Women did not travel
I argued earlier that women did not travel (except in the company of male members of their households). Here I will first support this conclusion using data from Ignatius and Clement of Rome.
Clement (65), writing probably at the end of the first century, mentions three messengers: Claudius, Ephebus, and Valerius Vito. All three are men.
Ignatius, writing in the early second century, mentions 12 messengers/envoys by name and they are all male: Burrhus (Eph 2; Philad 11; Smyrn 12), Crocus (Eph 2; Rom 10), Onesimus (Eph 2, 6), Euplus (Eph 2), Fronto (Eph 2), Damas (Mag 2), Bassus (Mag 2), Apollonius (Mag 2), Zotion (Mag 2), Polybius (Tral), Philo (Philad 11; Smyrn 10, 13), and Rheus Agathopous (Philad 11; Smyrn 10).
Furthermore, Ignatius's letter to the church of Rome was delivered by "men of Ephesus" (Rom 10). Also, Ignatius assumes that enjoys that will be selected by the Philadelphians (Philad 10) and by Polycarp (Poly 7-8) will be male.
Ignations mentions 7 individuals who, as far as we know, have not travelled. 3 of them are women, shown in red: Polycarp (Poly); Procurator's lady (Poly 8), Attalus (Poly 8), Alce (Poly 8; Smyrn 13), Tavia (Smyrn 13); Daphnus (Smyrn 13); Eutecnus (Smyrn 13).
All this confirms what we deduced previously from Acts, the letters of Paul, and the disputed letters of Paul: women did not travel (except with family).
Greetings are sent between individuals who knew each other
Ignatius wrote his first four surviving letters from Smyrna where he must have spent considerable time (presumably while waiting for a ship and the right winds). Two of his three later letters were sent to Smyrna (Smyrnaeans and Polycarp) and these are the only letters sent to a place where he spent considerable time (he had not been to Rome, Ephesus, Magneia, or Tralles, and there is no evidence that he would have been allowed to tarry in Philadelphia). It is surely no coincidence, then, that all those whom Ignatius greets individually (the non-travelers listed above) are in Smyrna. His personal acquaintance with them makes him mention them individually.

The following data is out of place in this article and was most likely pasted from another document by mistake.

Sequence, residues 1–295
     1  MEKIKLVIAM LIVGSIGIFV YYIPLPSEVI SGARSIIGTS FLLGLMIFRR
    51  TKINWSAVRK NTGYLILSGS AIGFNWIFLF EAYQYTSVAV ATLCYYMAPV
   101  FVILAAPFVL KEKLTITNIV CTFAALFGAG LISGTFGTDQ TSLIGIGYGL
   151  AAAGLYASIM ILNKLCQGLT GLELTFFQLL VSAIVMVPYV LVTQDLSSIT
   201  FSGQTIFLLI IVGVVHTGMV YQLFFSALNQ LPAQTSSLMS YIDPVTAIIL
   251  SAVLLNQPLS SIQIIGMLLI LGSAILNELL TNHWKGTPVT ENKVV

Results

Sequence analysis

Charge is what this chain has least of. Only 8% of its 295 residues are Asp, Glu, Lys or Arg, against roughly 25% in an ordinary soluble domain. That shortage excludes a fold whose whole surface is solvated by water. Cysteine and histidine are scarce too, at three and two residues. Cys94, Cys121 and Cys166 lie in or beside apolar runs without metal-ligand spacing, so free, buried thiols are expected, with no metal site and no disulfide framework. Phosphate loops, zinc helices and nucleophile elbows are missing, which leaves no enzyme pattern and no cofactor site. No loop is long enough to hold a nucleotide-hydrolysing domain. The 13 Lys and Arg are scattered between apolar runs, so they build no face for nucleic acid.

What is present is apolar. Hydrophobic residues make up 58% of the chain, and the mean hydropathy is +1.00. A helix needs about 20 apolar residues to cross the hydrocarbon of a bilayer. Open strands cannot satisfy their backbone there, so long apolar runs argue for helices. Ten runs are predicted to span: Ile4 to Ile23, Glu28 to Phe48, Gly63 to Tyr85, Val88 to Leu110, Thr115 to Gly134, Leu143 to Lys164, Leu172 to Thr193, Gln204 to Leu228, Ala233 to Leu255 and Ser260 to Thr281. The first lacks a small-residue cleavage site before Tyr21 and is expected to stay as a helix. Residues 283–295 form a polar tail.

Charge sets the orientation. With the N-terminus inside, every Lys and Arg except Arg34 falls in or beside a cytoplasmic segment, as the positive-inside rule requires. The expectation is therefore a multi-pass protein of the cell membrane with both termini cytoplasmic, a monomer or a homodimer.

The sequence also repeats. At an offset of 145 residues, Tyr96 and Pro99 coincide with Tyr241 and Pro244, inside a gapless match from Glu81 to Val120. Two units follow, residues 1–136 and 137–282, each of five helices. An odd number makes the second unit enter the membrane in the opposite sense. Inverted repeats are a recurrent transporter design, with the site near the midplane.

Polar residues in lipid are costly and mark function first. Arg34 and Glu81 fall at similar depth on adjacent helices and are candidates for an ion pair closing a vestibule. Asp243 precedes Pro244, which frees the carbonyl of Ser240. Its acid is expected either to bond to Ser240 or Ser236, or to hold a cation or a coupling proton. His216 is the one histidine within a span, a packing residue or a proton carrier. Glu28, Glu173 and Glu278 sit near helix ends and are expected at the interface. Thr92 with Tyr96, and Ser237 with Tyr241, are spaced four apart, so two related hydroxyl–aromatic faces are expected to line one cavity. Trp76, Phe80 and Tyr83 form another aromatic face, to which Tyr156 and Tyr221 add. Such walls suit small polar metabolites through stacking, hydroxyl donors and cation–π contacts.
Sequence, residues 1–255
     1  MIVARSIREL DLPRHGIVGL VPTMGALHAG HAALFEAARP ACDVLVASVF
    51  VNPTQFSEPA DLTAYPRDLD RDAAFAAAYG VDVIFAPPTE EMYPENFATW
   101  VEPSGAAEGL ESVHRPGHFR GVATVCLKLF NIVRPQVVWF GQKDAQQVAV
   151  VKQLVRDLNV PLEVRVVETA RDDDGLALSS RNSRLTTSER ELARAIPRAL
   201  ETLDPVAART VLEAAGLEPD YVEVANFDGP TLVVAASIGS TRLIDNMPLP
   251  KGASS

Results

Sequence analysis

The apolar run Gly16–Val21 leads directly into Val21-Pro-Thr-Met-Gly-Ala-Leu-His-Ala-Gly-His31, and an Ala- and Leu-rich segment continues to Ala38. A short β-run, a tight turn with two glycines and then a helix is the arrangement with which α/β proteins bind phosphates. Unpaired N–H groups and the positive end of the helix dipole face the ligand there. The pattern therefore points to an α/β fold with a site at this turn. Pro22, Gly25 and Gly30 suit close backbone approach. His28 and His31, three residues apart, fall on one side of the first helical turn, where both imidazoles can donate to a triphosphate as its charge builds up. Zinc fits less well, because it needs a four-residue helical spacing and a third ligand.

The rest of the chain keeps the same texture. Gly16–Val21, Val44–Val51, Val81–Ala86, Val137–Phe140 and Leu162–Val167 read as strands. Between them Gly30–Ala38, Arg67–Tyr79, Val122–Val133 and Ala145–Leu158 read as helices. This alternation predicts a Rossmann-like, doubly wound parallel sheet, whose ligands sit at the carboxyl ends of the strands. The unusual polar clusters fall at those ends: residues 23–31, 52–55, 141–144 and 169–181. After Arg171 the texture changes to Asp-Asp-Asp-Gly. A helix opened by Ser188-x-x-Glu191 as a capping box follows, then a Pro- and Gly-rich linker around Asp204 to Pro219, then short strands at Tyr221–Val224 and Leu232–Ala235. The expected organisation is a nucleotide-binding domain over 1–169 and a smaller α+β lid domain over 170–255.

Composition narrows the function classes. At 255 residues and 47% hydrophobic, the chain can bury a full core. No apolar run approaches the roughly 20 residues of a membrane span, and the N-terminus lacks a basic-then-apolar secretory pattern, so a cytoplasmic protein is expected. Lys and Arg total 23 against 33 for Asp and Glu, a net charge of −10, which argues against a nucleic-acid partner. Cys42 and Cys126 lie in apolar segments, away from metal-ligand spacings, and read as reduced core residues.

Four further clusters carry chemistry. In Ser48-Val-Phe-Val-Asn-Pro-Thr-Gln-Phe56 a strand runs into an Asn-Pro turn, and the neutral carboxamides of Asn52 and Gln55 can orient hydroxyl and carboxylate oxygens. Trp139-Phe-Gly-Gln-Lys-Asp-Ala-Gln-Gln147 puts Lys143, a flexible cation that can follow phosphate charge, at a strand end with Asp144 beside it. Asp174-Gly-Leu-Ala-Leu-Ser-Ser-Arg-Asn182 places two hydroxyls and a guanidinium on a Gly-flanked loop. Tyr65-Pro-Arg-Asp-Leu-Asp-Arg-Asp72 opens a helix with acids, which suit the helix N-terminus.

The only time when an individual joins with Ignatius in sending greetings is when Philo greets the Smyrnaeans (Smyrn 13). Presumably Philo has stayed in Smyrna on his journey to catch up with Ignatius.
The evidence from Ignatius therefore confirms the common-sense view that greetings are sent to and from individuals who have met.
Implications for the identities of the greeters in Rom 16:21-23
Just as Philo, mentioned above, was a man, so too were all those who send greetings in Rom 16:21-23, as well as the greeters in Philemon 23-24. This is no co-incidence. Only men travelled and therefore only men would have met those addressed. Lucius (Rom 16:21) and Luke (Philemon24) were therefore travelers and this supports the view that they were the same person and the author of Acts. I have argued this point in more detail before, here, but without the supporting data from Ignatius and Clement of Rome.
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